With these below and my previous posts (1970s articles and Contending for the Faith articles), I collected my twelve articles that were published from 1977-1979 when I was 20-22 years old. In a future post I will reflect on my theological journey through those years (maybe ).
“Holy Spirit Baptism in 1 Corinthians 12:13?” Gospel Advocate 119 (October 27, 1977) 679-80.
I set up a false dilemma in this article: either believe the Pentecotal version of Holy Spirit Baptism (a post-conversion experience including speaking in tongues) or accept that 1 Corinthians 12:13 is submission to water baptism as taught by the Holy Spirit without any direct connection to the Spirit. This article clearly indicates that I stilled lived in the world of “word only” and had a fundamental adversion to any direct work of the Spirit. I failed to see that the water and Spirit could both be elements in one baptism and that the experience of the Spirit is not merely cognitive (“through the word”).
“Equal, But Subordinate,” Gospel Advocate 120 (June 29, 1978) 405, 410.
This is a polemical piece directed against a statement made by Norman Parks who stated subordination entailed inferiority. In response I parallel the relationship between the Father and the Son to the relationship of male and female based on 1 Corinthians 11:3. While the Father and Son are equal in essence (both divinitas), the Son is “subordinate” to the Father in terms of subsistence (filiation; he is a Son) and operation (submits to the Father’s direction in redemptive history). Likewise, so I argue, while male and female are equal in essence (both humanitas), women are “subordinate” to men in their function and role in the family and church (but not world?, I would ask now). The parallel is too simplistically drawn and does not take account of incarnational Christology.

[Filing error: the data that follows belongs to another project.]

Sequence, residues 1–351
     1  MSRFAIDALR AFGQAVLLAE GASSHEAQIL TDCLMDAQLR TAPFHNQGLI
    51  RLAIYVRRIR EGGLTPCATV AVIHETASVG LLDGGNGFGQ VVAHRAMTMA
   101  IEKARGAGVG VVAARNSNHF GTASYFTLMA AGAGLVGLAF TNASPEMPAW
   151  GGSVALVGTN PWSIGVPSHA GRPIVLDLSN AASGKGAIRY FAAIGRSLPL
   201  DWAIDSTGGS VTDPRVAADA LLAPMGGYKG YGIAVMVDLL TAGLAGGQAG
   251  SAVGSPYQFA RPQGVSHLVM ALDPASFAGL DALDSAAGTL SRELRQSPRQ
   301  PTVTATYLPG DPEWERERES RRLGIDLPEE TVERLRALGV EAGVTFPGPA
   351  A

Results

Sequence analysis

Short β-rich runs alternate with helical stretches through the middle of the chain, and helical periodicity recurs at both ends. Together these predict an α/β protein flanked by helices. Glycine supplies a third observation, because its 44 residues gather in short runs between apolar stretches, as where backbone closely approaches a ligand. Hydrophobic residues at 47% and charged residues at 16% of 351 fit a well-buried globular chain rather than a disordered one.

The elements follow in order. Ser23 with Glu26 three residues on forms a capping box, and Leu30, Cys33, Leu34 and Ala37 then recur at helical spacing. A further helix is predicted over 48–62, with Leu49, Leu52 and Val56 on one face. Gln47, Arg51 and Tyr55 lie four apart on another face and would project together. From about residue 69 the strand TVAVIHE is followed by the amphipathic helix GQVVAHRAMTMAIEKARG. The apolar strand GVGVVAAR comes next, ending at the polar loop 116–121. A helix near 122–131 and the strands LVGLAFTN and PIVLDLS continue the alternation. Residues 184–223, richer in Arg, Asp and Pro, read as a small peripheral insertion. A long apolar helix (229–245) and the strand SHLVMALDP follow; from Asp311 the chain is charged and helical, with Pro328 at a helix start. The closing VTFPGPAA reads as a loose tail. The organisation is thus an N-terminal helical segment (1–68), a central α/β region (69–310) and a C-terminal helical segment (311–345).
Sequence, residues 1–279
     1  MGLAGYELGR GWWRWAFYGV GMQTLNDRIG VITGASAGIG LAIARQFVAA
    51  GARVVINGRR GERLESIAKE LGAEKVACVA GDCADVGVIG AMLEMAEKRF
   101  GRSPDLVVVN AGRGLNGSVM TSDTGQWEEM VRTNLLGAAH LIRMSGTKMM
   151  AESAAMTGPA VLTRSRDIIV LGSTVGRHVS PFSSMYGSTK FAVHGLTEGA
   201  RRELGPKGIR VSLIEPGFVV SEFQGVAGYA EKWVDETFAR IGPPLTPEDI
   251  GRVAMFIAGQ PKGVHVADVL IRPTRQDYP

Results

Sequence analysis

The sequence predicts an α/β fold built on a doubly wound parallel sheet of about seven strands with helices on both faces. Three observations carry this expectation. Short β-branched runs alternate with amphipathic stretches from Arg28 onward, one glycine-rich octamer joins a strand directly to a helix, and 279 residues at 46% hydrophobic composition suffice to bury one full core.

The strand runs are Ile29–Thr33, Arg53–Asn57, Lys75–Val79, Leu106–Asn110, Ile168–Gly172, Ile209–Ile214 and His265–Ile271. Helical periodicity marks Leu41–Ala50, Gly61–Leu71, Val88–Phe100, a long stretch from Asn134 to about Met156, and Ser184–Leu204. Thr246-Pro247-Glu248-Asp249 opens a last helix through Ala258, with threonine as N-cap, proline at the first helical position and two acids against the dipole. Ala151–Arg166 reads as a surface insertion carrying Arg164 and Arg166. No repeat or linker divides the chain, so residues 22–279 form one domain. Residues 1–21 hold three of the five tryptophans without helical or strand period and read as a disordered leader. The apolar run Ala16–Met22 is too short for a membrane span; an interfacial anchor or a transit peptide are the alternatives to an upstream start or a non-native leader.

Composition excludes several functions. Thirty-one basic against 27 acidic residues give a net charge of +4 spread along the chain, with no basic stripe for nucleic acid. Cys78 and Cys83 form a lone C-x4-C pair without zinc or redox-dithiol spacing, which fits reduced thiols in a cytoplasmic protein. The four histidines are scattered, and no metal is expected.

“Did He Understand?” Gospel Advocate 120 (November 16, 1978) 727.
This article is the same as the one published in the World Evangelist 7.6 (1 January 1979) 17. The link takes you to the World Evangelist printing. I argue–in good debating style–that the tongue speakers in Corinth understood their own speech. It was not “unknown” to them; they understood what they were praying and were edified by it. Consequently, when contemporary tongue speakers claim they can neither understand nor control what they are saying, they betray the reality that they do not themselves have the same gift that the Corinthians had. Whether the argument remains effective, I will leave for you to decide. On another day I will comment on my own development on this point which is not necessarily a denial of the claim that I am making in the article itself. However, my insensitivity to those who experience tongue-speaking as edifying in their own lives is all too evident in the article.
“Good, Better, Best,” Gospel Advocate 121 (March 29, 1979) 196.
This is the article that I like the best of all that I wrote in the 1970s though it still has its flaws. It reflects that I was already thinking eschatologically though it did not necessarily affect the structure of my theology as yet. While life here is abundant in Christ (“good”), to die is gain because to be with Christ is “better” than the present. Yet, the “best” life is the resurrected life. The article is a theology of “body” (soma)–present physical body, the disembodied intermediate state, and the furture resurrection body. As I read it today, I fear that I underplay present life where God locates us and values us, and I fear that the article may depend too much on “living in the future” rather than being the body of Christ in the present.
“We Do Not Well!” Gospel Advocate 121 (October 18, 1979) 644, 648.
This article arose from one of my homilies. It is probably a good example of how I preached in the late 1970s (but hopefully too typical ). I took a text, and then used the text to scold the congregation about a point that is not really the point of the text. The use of the second greatest commandment is interesting though forced, but the tone and “superior” attitude I see in myself is distasteful and disturbing. The topic is evangelism based on 2 Kings 7:9.